"The most telling aspect of His Dark Materials ... is that the Reformation never happened in the world of The Golden Compass. Indeed, Pullman's simplistically harsh view of the church and God posit a power-hungry, misanthropic institution out of control, and a detached, domineering God devoid of grace."
The above assessment by historian, Dr Quinn Fox, is also the feeling I have from the book (and film). It definitely is a darker and deeply cynical work; it is certainly an antithesis to Lewis's Narnia. Why would we want to expose children to such an atmosphere? Even more puzzling, how can an authour simply brush away world history in his fantasy tale? Given what the Magestarium represents, his book would have been more fitting for the 15th century than the 20th or 21st.
Liberalism and its secular religions of atheism, agnosticm, and humanism seem largely made up of people who are paranoid of everything--most especially a "highr power". God encourages us to question, but liberals go beyond this to poke and doubt everything and everyone to the point of madness. HIS DARK MATERIALS is simply one on-ramp to that highway of darkness and the ironic thing is that paranoia usually leads to an obsession to control, and that can lead to the very authoritarian tyranny that Pullman's books encourage us to fight.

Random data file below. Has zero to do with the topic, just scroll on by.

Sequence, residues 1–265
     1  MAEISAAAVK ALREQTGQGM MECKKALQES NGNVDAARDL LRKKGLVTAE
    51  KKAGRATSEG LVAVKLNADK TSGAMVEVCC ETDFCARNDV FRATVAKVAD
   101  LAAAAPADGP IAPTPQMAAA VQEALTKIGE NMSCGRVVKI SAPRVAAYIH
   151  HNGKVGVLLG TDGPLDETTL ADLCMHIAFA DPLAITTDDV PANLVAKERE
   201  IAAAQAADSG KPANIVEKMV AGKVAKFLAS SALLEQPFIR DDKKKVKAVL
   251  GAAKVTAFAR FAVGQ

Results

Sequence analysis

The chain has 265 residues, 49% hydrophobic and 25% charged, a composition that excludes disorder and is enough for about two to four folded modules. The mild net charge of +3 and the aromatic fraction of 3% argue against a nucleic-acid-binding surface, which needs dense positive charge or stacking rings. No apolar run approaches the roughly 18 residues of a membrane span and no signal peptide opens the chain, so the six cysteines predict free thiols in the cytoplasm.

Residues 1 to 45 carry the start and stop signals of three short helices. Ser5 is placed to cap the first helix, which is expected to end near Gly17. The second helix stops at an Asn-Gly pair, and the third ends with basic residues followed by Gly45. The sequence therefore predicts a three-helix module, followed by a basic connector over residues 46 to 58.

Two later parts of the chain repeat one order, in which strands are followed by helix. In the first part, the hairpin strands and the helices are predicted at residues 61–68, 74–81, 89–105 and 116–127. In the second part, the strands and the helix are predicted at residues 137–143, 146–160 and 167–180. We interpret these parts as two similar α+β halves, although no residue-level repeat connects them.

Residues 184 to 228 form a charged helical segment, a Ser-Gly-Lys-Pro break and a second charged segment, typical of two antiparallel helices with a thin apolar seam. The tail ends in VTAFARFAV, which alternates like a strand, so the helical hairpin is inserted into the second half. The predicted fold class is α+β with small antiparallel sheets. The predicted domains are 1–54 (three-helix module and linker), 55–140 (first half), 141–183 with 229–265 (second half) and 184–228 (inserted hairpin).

As an authour I have to think that Pullman missed the boat. His trilogy of books could have gone to a vastly more rewarding and upbeat conclusion. What if the characters got to the end and found that the Magestarium was indeed evil, not because it derived its power from its Authority (aka God), but because it decided to take power from the Authority? What if the ultimate quest of the books had been to free the Authority so that all could benefit from the goodness and light that the Magestarium wanted no part of?